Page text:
The Post



22 December 2017| No Comments on The Post     by Sean Chavel



This 1971 historical drama shines a light on today. Steven Spielberg’s The Post gains a suspenseful amount of traction by the time it gets halfway through. Richard Nixon, former disgraced President, tried to shut up the New York Times by having his lawyers put an injunction on the paper when it came to publishing classified documentation on the Vietnam War, i.e., Secretary of Defense Robert McNamara said it was an unwinnable war. Spielberg’s film has Tom Hanks as editor of the Washington Post periodical Ben Bradlee and Meryl Streep as its publisher go into dispute as to whether they should publish additional stories with the repercussion that they could face legal consequences. The Washington Post is the second news journal to get its hands on four thousand pages of Top Secret documents, but they debate on what they should do with them. Dozens of stories are possible, and to spell out the truth on a cretin president is one of them.

Streep is undoubtedly important here as a female publisher who is hard to be taken seriously amongst male circles, and the film says something about sexism and ageism of its time. She’s terrific, for sure. To me, I surprisingly find this more to be Hanks film though as the combustible, go for the throat newshound Ben Bradlee. Spielberg’s most enthralling piece of directing happens when Bradlee is delegating his news team out of his own home to come up with cohesive news-telling threads.

Some other notable performances include Bob Odenkirk, Tracy Letts, Matthew Rhys, Jesse Plemons, Michael Stuhlbarg, Alison Brie (who is just nice to have) and Bruce Greenwood as an uncanny embodiment of Robert McNamara. The point is, Spielberg populates his film with distinctive personalities. The press notes state that Nixon’s actual voice recordings are his, heard while an actor in silhouette portrays him.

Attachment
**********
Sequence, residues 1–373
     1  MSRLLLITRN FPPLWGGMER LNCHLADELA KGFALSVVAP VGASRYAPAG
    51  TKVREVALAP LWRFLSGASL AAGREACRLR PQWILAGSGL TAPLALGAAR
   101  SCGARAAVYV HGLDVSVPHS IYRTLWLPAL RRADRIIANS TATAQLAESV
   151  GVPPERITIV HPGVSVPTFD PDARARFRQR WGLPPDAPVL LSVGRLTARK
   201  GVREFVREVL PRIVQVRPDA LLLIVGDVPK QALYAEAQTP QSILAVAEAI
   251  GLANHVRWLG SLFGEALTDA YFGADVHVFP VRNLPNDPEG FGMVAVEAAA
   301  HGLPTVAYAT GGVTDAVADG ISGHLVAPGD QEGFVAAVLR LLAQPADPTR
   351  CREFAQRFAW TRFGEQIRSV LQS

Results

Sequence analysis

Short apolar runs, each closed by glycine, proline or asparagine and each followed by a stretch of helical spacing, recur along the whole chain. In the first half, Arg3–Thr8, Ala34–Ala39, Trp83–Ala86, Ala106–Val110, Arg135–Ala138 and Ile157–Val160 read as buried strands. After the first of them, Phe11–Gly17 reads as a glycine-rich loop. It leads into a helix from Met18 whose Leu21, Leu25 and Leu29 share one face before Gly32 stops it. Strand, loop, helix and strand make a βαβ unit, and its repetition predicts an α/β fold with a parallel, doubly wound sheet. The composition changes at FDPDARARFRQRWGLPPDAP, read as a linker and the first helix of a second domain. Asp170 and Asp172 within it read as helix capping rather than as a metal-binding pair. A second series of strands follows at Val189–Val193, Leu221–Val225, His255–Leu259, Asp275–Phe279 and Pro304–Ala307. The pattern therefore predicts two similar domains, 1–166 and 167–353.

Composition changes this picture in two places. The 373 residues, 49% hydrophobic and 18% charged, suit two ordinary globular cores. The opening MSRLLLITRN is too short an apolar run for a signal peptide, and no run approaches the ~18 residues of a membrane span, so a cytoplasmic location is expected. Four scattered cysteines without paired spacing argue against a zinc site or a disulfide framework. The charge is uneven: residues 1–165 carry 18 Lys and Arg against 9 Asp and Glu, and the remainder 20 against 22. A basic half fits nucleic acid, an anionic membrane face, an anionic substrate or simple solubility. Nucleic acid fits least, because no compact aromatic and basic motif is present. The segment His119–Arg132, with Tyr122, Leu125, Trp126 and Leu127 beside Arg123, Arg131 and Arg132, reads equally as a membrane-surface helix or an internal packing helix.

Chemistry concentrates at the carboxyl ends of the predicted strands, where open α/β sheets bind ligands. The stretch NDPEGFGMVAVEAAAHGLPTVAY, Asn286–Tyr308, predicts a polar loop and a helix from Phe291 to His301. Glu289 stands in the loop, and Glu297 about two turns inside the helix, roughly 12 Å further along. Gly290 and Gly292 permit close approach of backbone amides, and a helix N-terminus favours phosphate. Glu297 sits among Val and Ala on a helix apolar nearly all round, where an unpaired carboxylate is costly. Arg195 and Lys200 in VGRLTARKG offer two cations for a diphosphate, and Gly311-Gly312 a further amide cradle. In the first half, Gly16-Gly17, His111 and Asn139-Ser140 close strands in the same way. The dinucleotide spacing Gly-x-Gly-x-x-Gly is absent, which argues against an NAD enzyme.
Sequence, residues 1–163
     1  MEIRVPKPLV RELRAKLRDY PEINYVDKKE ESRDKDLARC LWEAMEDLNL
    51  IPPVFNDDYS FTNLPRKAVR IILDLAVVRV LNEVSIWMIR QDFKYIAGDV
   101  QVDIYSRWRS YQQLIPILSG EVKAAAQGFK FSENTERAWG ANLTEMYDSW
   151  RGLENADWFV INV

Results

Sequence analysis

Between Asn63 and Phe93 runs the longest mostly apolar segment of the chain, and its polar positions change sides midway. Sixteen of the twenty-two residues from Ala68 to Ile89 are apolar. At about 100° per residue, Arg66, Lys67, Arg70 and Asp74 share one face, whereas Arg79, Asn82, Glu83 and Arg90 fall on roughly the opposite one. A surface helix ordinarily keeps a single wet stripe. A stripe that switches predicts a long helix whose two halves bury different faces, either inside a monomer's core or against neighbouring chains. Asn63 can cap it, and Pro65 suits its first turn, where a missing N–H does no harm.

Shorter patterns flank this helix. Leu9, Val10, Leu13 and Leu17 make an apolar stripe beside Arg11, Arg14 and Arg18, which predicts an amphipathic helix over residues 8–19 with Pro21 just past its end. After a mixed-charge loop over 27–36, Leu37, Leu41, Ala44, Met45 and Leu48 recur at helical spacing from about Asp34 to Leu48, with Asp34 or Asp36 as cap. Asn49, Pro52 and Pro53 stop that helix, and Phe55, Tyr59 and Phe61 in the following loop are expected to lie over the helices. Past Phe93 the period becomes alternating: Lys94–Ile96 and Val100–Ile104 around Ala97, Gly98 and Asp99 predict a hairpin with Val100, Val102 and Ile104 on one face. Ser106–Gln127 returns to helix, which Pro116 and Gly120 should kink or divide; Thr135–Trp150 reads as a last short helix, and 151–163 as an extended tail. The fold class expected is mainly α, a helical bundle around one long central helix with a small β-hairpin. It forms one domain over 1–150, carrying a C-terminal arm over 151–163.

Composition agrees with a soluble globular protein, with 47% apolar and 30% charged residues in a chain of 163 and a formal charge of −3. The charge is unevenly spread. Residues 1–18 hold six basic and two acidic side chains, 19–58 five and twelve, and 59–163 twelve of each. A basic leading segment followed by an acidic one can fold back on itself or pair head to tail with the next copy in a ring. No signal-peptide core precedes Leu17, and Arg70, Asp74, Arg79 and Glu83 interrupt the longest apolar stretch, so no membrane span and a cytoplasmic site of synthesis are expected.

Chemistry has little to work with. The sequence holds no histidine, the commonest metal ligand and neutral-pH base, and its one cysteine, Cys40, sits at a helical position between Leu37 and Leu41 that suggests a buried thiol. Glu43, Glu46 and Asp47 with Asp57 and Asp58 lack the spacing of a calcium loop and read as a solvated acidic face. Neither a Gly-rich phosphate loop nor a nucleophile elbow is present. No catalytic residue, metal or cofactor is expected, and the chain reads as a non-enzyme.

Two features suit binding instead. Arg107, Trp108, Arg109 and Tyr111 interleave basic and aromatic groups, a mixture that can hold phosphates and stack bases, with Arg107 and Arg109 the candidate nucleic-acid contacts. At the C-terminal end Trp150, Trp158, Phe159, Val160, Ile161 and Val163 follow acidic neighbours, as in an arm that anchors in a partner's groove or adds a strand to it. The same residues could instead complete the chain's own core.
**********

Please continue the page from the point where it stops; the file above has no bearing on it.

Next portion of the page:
I’ve never understood the praise behind “All the President’s Men,” a would-be classic that is the equivalent of watching paint dry as it bleats out its earnest messages. “The Post” is one of the best newspaper movies to date, on par with “His Girl Friday” or “Zodiac” (not on par with “Citizen Kane” obviously). “The Post” offers a significant quandary for a historical drama as it asks: Even in 1971, did high-profile journalism companies and its upper staff quarrel over how much quality should be injected into their output, and how much sellout needs to exist in order to turn a buck?

Made quickly in order for Spielberg to feel timely, “The Post” is engrossing and pertinent.


115 Minutes. Rated PG-13.


Film Cousins: “All the President’s Men” (1976); “Born on the 4th of July” (1989); “The Fog of War” (2003); “Zodiac” (2007).

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Sean Chavel

About The Author / Sean Chavel

Sean Chavel is a Hollywood based author and movie reviewer. He is the Executive Director of, a new website that has adapted the movie review site genre by introducing moodbased and movie experience based reviews.


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